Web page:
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Wednesday, November 11, 2009

Self-Promotion #3: Writing Proposals for Conferences and Workshops

Before turning to the topic of today's post, let me say that I very much appreciate Paul Horwitz's contribution with regards to Institutional Promotion.  I may not have planned to mention institutional promotion as one of my self-promotion tips, but I think it goes without saying that promoting your institution is part and parcel to being well-known (and well-liked) in the legal academy.  Indeed, I know of very few instances where law professors unhappy with their current institutions didn't end up appearing dour and glum in either the blogosphere or at a particular conference.

With that out of the way, let me say that there are many opportunities for you (and your school!) to host or participate in a regularly scheduled conference or workshop.  I have in mind two different types of situations. 

The first one harkens back to my post in Self-Promotion #1 and the idea of forming a colloquium for your field, like Scott Moss, Joe Slater, and I did for labor and employment law. Now, there might be already existing annual colloquium in many different fields, but that does not keep you from submitting proposals for hosting those meetings.  Over the years, the organizing committee of the labor and employment law colloquium has had the pleasure of fielding many great proposals for holding the conferences througout the country. In fact, right now we are going through the process for the Fifth Annual Colloquium.  So another idea for getting yourself know (and in the process getting high marks from your Dean) is to host the next colloquium or conference. It goes without saying that many more people will know who you are if you are one of the organizers of such a program.

A second type of opportunity is provided by some of the more major associations in the law professor world.  First among them is the mid-year meeting held by the Association of American Schools (AALS). Every spring for the last decade or so, the AALS has solicitied proposals from individuals and groups to hold a mid-year meeting on their field or discipline.  In the Spring of 2007, I drafted, with the help of many others, a proposal to hold a conference on labor and employment law.  To be honest, the process of putting the proposal together was quite intense and I ended up speaking to about 30-40 law professors in my field for their input (this, in and of itself, was a good self-promotion deal).  In any event, we submitted a three-day labor and employment law proposal.  Although we were not selected for a conference, the AALS Planning Committtee did agree, based on this proposal, to hold a Workshop on Worklaw in the Summer of 2009 at the Long Beach, CA Westin.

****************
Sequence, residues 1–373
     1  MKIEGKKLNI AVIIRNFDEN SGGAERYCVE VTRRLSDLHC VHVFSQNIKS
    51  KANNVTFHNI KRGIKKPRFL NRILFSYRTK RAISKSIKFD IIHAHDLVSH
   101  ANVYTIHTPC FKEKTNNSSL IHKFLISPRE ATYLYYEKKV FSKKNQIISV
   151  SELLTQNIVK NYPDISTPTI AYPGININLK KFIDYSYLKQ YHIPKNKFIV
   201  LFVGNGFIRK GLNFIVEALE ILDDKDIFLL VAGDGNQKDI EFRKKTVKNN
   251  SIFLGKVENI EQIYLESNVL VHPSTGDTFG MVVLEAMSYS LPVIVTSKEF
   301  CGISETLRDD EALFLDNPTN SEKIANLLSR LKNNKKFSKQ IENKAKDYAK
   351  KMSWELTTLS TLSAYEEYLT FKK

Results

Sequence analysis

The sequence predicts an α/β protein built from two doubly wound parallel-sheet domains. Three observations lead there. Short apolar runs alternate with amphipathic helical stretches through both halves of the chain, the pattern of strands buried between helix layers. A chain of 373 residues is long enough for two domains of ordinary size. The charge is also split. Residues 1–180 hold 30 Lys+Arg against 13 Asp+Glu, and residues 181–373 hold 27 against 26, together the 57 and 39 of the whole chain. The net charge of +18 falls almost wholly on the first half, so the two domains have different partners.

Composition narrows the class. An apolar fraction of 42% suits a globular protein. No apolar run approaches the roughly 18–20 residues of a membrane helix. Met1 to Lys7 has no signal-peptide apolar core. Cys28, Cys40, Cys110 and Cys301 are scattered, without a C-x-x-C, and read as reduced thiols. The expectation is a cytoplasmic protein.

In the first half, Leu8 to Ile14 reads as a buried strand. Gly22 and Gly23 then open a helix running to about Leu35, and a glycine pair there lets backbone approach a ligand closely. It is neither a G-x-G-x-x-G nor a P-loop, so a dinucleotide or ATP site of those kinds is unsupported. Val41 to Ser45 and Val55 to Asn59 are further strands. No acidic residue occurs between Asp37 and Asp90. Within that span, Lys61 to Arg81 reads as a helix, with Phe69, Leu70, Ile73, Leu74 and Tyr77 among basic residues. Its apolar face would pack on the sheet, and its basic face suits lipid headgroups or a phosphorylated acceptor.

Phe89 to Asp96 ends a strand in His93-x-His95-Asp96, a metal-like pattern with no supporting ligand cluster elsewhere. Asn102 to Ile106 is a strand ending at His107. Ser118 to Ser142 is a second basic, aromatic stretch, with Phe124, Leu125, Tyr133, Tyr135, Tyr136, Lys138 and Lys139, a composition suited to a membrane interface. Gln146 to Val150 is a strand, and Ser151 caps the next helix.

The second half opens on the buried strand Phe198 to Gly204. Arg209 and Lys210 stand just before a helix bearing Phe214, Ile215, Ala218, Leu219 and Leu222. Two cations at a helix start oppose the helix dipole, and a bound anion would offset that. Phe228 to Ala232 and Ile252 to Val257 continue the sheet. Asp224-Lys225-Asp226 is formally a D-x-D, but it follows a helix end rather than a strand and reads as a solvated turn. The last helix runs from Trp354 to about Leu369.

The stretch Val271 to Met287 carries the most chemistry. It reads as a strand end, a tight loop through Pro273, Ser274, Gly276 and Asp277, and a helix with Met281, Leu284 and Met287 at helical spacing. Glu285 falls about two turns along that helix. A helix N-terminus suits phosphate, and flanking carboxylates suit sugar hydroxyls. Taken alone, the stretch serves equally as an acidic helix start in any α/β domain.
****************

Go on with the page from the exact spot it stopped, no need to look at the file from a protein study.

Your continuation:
In some ways, however, this route might now get the bang for your buck that you are looking for.  AALS usually appoints a planning committee for mid-year meetings that have nothing to do with those who submitted the proposal and not surprisingly, many of the initial ideas for panels and speakers are discarded.  Nevertheless, these conferences and workshops provide yet another change for you to create a forum to discuss ideas and research in your field with people of similar interests and also provides additional networking opportunities.

One last idea: if your school is a member of the Southeastern Association of Law Schools (SEALS), there are opportunities to submit panels and workshop ideas for the annual conference in some beautiful Southern location (See www.sealslawschools.org for more details).  In the past three years, Michael Green (Texas Wesleyan) and I have put together workshops on Labor and Employment Law (with about four panel and sometimes a new scholar panel), and this year, for the first time, a Workshop on Employee Benefits (with three panels).

The point is that there exist opportunities to host or create workshop or conferences at your schools or other places that have the benefit of both promoting yourself as a scholar, as well as given yourself an opportunity to get to known by more people in your field.

If you know of other such opportunities that I have failed to highlight here, please provide info in the comments. The next self-promotion post will dicuss faculty exchanges and workshops with other schools.

Paul Secunda

Posted by Workplace Prof on November 11, 2009 at 05:32 PM in Life of Law Schools | Permalink


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